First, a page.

Actually, you make a good point here. Being against the Iraq war is not necessarily a Leftist position (although, historically the Left has found few military actions to be worthwhile). There are plenty of those on the right (see co-conspirator MontereyJohn for this perspective), but they also look to the implications of withdrawing without success.

No, the driving force behind the hardcore anti-war movement is not a desire for social programs or some other policy which can be ascribed to lofty, leftist goals. The driving force behind the rabid anti-war opposition is their hatred for Bush. Had Clinton, Gore, or Lyndon Johnson entered this war, support would've lasted much longer thanks to more favorable press coverage. Instead, any claim by the enemy - no matter the source or how far fetched - is given credibility and, when proved to be a lie later, is rarely corrected or does not get similar coverage.

The driving force behind the moderates' opposition to the war is the constant bad news and slanted coverage that we are getting about the war. That and the administrations complete incompetence in explaining the strategic significance of the war in Iraq before, during, and after. While the strategic significance was alluded to, it was not the centerpiece.

And, while you might be able to say that many conservatives would not support this war if Clinton or Gore were in charge, I think this is a difficult prediction post 9/11. From my personal perspective, I wanted H.W. to take out Saddam in '91 and was disappointed when he didn't and let the Shiites & Kurds get crushed. I find that Kennedy's words from his Inaugural address sum up my position pretty well.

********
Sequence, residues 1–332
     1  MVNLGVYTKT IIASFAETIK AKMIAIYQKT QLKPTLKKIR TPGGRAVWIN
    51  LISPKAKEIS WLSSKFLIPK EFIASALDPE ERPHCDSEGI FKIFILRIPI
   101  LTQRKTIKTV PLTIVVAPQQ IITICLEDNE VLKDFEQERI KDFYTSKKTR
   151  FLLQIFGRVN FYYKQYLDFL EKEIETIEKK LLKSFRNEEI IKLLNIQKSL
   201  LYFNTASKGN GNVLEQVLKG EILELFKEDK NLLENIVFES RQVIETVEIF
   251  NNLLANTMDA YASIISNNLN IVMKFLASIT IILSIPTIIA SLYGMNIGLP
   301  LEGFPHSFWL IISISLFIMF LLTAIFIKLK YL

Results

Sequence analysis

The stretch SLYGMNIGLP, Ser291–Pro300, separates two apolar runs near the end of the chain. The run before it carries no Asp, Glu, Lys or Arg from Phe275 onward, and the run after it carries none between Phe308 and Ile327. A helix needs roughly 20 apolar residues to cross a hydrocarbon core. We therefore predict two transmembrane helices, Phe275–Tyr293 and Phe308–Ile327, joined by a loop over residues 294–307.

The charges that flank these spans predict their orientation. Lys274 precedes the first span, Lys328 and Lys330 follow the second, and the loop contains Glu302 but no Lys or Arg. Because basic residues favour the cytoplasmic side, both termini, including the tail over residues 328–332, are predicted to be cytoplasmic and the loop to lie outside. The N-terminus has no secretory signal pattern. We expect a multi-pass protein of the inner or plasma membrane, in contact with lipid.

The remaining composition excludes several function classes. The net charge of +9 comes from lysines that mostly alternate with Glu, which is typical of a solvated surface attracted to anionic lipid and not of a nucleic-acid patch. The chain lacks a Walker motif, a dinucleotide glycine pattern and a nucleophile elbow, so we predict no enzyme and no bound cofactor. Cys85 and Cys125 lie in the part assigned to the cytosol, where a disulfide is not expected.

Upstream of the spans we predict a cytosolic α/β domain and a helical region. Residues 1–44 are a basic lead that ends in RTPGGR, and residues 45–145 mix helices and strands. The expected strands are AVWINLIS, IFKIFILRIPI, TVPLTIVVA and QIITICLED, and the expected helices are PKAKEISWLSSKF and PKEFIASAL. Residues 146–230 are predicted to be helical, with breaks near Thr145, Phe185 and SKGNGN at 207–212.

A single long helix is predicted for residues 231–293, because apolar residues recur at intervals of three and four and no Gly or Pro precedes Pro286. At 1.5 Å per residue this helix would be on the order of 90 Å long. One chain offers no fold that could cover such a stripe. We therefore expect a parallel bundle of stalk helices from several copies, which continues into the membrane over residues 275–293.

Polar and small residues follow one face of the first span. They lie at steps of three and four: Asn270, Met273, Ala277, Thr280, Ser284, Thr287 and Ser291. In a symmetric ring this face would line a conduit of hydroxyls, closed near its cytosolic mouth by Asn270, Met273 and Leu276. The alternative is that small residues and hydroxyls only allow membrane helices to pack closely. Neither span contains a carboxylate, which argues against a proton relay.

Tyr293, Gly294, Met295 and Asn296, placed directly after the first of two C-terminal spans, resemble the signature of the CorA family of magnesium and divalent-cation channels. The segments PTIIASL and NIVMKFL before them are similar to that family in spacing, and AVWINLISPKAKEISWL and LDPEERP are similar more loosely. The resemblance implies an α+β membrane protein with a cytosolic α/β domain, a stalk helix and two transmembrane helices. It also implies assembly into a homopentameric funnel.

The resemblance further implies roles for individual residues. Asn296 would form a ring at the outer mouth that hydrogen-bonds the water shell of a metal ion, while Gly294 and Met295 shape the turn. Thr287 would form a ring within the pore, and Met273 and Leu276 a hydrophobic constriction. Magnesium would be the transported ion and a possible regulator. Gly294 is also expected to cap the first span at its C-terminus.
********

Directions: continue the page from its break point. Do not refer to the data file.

Stupid Country said...

...historically the Left has found few military actions to be worthwhile...

Eh. Generally, I appreciate your open-mindedness about my question. It was prompted by my having O'Reilly on in the background when I was online last night -- nobody hammers harder on this myth that the war's opponents are "liberal loonies" than Bill. But it's one I've been asking myself for years.

But I am having a hard time with your blanket statement about the Left's opposition to wars. First, I don't think terms like "liberal" or "left" have a lot of meaning these days, or at least they don't mean what they used to. They're code words designating people as opponents of the conservative philosophy which, whether you agree with it or not, is more coherent. If you met 25 or 30 of them, you'd hear 25 or 30 pretty distinct reasons for opposing the current order and the war.